A back-and-forth trade war between the U.S. and China has been detrimental to the American dairy business and could curtail any momentum in the Asian market, according to the CEO of the U.S. Dairy Export Council.
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“The reality is we had momentum in this market,” Tom Vilsack said during an interview on Thursday with FOX Business’ Liz Claman. “And these tariffs have created a barrier to that momentum.”
Already, in a brewing trade war between the world’s two largest economies, President Trump slapped 25 percent tariffs on $34 billion of Chinese imports in July and another $16 billion last month. The U.S. is poised to impose another round of tariffs on $200 billion worth of goods this week.
In a tit-for-tat retaliation, the Chinese government imposed an additional 25 percent tariff on a number of American dairy products, including milk, cream, yogurt, whey, butter and cheese products in early July. China's tariff rates on dairy products, starting July 1, will range from 2 to 20 percent.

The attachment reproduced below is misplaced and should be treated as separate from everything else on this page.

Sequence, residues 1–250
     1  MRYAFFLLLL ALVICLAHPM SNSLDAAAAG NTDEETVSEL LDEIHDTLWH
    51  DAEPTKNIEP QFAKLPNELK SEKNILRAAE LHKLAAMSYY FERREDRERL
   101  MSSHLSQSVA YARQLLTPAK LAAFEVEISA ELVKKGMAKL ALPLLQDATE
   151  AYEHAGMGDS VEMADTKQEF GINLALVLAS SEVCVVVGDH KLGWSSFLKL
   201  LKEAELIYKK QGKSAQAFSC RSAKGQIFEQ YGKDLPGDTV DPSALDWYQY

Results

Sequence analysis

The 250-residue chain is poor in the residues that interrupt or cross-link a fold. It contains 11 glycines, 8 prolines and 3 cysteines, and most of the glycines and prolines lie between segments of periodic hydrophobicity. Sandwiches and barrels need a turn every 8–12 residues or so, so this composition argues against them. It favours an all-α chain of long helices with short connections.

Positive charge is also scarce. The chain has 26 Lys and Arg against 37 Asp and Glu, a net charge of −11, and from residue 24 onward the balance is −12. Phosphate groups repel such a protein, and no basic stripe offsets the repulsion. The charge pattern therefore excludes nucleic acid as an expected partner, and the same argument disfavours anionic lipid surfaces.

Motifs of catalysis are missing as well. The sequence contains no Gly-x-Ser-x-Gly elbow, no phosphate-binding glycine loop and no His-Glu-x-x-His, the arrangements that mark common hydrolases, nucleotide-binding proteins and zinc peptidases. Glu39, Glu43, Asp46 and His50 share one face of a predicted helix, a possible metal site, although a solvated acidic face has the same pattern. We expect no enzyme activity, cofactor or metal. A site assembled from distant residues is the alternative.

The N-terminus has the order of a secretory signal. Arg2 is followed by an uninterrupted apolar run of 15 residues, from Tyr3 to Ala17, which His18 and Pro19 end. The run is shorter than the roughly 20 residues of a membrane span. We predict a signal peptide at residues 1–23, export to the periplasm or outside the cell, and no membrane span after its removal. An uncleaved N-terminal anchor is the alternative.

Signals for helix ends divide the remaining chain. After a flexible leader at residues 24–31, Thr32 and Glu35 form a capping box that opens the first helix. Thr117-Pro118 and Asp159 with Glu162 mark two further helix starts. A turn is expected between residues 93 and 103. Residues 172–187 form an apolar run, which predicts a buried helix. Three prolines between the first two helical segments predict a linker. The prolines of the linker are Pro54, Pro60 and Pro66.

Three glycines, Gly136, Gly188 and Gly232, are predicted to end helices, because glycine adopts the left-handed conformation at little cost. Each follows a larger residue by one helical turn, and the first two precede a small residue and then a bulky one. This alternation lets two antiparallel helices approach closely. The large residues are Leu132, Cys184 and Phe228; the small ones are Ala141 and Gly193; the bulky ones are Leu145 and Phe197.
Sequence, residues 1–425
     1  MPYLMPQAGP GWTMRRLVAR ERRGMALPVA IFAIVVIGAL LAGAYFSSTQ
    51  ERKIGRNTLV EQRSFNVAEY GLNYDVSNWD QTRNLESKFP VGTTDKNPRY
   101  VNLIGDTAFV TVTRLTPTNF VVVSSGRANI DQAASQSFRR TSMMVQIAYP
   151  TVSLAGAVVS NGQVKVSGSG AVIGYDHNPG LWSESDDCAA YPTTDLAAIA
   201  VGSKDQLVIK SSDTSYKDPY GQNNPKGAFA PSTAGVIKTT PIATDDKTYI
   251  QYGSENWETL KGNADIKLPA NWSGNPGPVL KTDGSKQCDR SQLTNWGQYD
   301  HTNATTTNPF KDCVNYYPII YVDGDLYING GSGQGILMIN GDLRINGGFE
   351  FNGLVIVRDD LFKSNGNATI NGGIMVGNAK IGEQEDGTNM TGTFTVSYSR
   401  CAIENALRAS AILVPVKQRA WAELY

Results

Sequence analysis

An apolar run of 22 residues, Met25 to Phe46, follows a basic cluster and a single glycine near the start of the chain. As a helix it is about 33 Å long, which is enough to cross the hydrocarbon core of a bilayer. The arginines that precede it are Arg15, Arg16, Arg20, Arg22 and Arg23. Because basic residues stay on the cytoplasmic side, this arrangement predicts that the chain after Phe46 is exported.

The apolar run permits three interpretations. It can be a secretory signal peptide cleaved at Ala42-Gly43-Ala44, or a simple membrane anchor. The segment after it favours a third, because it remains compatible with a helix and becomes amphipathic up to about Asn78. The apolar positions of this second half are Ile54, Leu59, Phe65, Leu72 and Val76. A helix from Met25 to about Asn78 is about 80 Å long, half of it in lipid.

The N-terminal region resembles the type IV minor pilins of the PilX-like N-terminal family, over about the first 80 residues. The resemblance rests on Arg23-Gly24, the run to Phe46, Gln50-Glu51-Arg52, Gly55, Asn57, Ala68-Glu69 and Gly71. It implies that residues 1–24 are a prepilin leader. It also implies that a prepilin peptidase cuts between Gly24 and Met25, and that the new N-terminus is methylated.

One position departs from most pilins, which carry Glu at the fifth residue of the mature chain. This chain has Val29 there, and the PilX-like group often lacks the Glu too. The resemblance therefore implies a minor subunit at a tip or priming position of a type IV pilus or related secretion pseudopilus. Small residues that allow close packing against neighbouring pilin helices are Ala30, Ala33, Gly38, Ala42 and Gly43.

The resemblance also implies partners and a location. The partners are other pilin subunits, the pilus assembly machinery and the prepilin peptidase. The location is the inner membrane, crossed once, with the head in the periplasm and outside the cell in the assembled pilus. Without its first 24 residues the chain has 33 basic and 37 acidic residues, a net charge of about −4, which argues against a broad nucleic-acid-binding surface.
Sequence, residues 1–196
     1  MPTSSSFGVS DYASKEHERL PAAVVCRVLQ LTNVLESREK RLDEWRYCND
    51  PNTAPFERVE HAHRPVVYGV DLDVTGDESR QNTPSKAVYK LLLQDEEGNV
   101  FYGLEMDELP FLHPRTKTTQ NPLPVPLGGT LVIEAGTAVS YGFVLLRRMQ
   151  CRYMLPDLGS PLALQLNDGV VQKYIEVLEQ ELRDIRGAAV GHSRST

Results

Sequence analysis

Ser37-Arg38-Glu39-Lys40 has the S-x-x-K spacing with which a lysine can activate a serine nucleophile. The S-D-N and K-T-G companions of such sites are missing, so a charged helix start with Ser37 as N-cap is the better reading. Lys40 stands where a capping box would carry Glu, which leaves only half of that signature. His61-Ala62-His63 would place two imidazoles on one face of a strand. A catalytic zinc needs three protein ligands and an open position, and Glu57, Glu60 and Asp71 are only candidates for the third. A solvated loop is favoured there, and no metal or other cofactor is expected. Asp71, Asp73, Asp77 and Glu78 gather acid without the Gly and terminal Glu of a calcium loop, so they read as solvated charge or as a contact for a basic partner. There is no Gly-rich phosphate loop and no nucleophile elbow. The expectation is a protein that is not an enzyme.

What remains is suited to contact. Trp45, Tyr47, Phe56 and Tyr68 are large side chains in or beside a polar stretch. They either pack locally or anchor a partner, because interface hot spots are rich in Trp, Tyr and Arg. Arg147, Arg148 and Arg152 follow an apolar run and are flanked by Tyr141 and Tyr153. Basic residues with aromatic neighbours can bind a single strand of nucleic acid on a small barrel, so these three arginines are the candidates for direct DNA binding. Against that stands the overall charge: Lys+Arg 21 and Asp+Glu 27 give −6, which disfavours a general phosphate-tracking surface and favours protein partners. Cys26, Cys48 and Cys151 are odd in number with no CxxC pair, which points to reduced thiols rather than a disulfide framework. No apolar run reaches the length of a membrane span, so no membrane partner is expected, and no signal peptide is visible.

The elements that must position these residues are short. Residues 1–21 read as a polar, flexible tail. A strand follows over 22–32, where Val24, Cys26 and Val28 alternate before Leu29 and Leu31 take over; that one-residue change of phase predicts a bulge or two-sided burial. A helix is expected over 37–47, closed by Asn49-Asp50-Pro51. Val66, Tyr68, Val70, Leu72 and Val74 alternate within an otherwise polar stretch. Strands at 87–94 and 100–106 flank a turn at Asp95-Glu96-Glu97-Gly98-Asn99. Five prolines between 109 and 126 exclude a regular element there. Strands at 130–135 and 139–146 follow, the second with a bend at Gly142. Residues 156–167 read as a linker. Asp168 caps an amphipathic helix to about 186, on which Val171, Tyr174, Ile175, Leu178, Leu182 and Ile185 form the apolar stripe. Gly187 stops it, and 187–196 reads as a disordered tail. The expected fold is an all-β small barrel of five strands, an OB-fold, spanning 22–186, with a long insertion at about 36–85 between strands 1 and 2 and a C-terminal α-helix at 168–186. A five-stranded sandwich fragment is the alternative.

In 2017, the U.S. exported more than $577 million worth of dairy to China, making it the third-largest market for American dairy exports. Whey accounted for about $236 million.
According to Vilsack, the tariffs have affected some sectors more harshly than others, but he warned that tariffs will ultimately make it very difficult across the dairy board.
“From the folks who are in the business of low-commodity powder sales, basically the tariffs have made it very difficult for them to continue doing business in the Chinese market,” said Vilsack, the former secretary of agriculture under President Obama. “For the folks who are focusing on the higher-end products, they are essentially buying down the tariffs in the hopes that this eventually gets resolved by the end of the year.”